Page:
How does the United States respond to Russian fears that the system, based as it is in Russia’s geopolitical backyard, is really aimed at Russia? Well, the United States has gratuitously offered Russian personnel the freedom to serve as observers inside of the still-hypothetical Poland and Czech facilities. This is comparable to the Soviet Union during the Cuban Missile Crisis offering to detonate the desperate situation with the presence of American officers inside of the Soviet bases. It is ridiculous to the point of insulting to think that such a suggestion would placate any sovereign nation over fears about their national security. But the Russian president has remained cool in the face of this potential threat.
“We will not be hysterical about this, but we will think of retaliatory steps,” Russian President Medvedev warned.
And indeed they have. After all, the US missile defense system may not even work, but Russian missiles aimed at Europe from Kaliningrad, as has been bandied about by Russian generals, certainly will. Thus, it is nothing more than the worst foreign and military policy to alienate Russia, a proven ally in the war on terror (as well as many other wars in the past, while recalling that Russia and the US, despite some nasty potholes in the road, have never been battlefield adversaries) on the assumption that some rogue country may or may not launch an attack on Europe. It is the hope here that Obama will abandon the Bush warpath and fight any potential threat to the European continent in a way that has historically proven most effective: with Russia firmly at its side.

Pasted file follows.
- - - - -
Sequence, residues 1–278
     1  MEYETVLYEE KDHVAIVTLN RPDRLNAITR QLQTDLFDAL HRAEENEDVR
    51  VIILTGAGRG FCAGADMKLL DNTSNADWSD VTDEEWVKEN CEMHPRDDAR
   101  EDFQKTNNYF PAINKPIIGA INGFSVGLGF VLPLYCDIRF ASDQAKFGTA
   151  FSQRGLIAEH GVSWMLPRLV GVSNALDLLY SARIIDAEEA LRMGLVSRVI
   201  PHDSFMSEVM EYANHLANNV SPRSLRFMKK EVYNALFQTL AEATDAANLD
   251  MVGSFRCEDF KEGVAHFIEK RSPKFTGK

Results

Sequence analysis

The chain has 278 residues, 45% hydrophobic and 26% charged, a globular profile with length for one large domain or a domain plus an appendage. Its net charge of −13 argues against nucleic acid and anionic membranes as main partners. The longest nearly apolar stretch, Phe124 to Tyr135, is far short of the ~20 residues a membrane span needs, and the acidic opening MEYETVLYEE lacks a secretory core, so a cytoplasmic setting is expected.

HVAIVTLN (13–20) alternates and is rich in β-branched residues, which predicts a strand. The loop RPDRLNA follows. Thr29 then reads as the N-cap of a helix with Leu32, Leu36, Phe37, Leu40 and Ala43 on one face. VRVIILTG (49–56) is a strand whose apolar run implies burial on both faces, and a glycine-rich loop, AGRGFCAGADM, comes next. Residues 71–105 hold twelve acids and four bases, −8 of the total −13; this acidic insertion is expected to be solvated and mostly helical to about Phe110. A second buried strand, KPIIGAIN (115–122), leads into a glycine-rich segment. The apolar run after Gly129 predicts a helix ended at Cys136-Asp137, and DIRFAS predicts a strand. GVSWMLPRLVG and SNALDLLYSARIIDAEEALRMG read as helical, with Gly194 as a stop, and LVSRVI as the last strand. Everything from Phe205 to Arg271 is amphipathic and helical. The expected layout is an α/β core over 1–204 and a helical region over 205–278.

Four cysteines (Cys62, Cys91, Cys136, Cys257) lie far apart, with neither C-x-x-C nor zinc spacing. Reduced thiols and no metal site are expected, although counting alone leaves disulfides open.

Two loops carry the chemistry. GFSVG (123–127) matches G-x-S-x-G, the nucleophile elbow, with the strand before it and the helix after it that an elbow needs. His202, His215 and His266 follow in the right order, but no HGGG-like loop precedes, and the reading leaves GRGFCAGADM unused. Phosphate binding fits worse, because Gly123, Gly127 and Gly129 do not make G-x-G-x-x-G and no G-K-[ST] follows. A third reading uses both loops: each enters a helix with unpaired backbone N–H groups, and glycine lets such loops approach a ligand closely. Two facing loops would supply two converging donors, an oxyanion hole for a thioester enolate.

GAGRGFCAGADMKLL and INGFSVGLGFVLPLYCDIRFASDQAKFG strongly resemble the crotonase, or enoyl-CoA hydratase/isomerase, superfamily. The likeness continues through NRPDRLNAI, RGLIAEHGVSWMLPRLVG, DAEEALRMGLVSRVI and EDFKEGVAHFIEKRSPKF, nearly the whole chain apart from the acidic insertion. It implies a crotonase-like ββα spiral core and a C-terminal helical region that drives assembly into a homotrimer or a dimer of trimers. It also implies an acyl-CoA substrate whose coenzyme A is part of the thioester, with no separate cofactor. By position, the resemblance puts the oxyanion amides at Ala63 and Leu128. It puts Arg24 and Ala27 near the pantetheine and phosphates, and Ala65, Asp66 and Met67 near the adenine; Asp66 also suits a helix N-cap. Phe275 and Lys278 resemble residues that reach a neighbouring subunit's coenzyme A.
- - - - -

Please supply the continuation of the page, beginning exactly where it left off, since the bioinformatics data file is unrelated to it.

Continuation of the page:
The Russian delegation offered a far more realistic compromise to the US AMD plan: let the United States build their anti-missile missiles and radar system in Azerbaijan, where Russia already has a radar station at Gabala. The United States, not surprisingly, was extremely cool to the idea, despite the fact that Azerbaijan shares a border with Iran (!). To build this system at such close range would have far better chances of knocking down any hypothetical Iranian missile launch at the earliest launch phase.
There are other reasons why Russia believes that the system is designed with them, not some rogue nation, in mind. In the heat of the 5-day Georgian war, after Tbilisi had launched a desperate attack on Tskhinvali, South Ossetia, the United States and Poland, taking advantage of wildly one-sided news reports that blamed Russia for the conflict, sealed the AMD in Warsaw. Russia immediately cut all ties with NATO. Full story